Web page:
Vera wore a blue shirt. That’s not so unusual, but what stood out were the words printed on the shirt demanding attention: “I am undocumented.” He led the demonstration around the perimeter of Aldrich Park while bystanders looked on and recorded this tiny piece of history on their iPhones. Then, the marchers linked hands, marking their shared solidarity for immigrants affected by Trump’s immigration plan. Each activist voiced the names of people they love. When it was Vera’s turn to share, he shouted, “my family and those who are living in the shadows.”

 More messages of hope and inspiration could be seen and heard from UCI Dreamers Coordinator Ana Barragan, who constantly answers questions like, “What do I do if officials come to my house? Am I going to lose my financial aid?”

 It was Barragan who first selected Vera to lead the march, because of his conviction to help underserved minority communities and to find creative ways to help those in need.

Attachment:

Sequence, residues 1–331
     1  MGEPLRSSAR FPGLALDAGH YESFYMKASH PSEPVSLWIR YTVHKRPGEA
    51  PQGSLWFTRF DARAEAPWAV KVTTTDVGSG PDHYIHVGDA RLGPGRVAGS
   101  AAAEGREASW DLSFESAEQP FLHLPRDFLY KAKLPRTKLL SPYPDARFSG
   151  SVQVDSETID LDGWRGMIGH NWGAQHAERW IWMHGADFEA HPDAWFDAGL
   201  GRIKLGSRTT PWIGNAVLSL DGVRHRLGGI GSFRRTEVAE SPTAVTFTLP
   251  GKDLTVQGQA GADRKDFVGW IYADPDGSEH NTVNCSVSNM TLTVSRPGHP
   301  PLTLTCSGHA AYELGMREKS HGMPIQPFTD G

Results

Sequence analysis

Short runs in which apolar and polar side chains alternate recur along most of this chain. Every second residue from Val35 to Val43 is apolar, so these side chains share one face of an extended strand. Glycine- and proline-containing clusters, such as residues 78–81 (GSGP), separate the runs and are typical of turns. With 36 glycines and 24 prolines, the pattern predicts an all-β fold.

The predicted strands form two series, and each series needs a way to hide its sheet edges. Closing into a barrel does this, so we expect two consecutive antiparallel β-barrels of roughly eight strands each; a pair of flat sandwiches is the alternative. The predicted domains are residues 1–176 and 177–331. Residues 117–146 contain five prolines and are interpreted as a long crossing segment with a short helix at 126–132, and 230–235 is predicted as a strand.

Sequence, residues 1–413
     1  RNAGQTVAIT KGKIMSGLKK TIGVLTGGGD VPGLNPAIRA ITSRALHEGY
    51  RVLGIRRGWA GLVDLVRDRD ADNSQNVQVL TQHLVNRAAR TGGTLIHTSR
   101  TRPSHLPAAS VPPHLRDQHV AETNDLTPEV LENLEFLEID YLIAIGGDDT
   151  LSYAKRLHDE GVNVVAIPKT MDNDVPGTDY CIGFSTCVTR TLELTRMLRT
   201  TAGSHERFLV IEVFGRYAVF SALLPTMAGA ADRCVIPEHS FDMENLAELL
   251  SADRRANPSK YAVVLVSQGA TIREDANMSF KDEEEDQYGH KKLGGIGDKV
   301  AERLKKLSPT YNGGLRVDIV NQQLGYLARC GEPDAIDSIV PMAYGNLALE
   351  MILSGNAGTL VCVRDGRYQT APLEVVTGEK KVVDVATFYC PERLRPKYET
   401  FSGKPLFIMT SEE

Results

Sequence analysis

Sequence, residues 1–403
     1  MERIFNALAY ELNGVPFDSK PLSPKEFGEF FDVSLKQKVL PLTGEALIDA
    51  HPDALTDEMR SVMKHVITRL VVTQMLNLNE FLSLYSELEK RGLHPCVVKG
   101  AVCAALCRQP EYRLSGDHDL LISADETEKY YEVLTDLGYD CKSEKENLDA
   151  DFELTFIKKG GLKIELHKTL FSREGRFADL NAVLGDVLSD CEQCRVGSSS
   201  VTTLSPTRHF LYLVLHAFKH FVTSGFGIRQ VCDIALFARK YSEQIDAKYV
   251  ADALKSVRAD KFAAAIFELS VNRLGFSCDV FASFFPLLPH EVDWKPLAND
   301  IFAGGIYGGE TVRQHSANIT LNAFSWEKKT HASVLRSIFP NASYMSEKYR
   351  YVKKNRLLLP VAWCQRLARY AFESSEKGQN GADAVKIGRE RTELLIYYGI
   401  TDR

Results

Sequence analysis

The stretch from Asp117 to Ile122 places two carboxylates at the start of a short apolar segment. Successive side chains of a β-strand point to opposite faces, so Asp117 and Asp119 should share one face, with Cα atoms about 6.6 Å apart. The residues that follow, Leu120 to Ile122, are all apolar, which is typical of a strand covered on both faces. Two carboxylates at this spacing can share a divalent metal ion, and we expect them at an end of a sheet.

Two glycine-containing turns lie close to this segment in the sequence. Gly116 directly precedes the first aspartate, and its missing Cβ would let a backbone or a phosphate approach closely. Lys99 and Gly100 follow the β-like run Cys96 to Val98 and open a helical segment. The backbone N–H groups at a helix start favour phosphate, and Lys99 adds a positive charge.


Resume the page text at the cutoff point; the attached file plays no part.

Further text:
“Rafael initiated a grant proposal and has made it to the final round,” said Barragan. “His goal is to create a group of UCI mentors who reach out to undocumented students in high school and inform them about higher education. He’s always thinking about how he can empower his community members.”

Vera was brought to the U.S. from Michoacán, Mexico when he was one year old, and grew up as an American. He learned how to measure the temperature in Fahrenheit. He ate hot dogs every Independence Day. He cheered during the World Series. But what he craved most was the legal status to live, study and work in America without the fear of being deported.

 For undocumented students like Vera, any news about immigration pops up as a notification on his smart phone 24/7. In fact, a few weeks ago, a Facebook friend posted a message about an ICE check-point just a mile away from his parents’ home.  ICE is the U.S. Immigration and Customs Enforcement.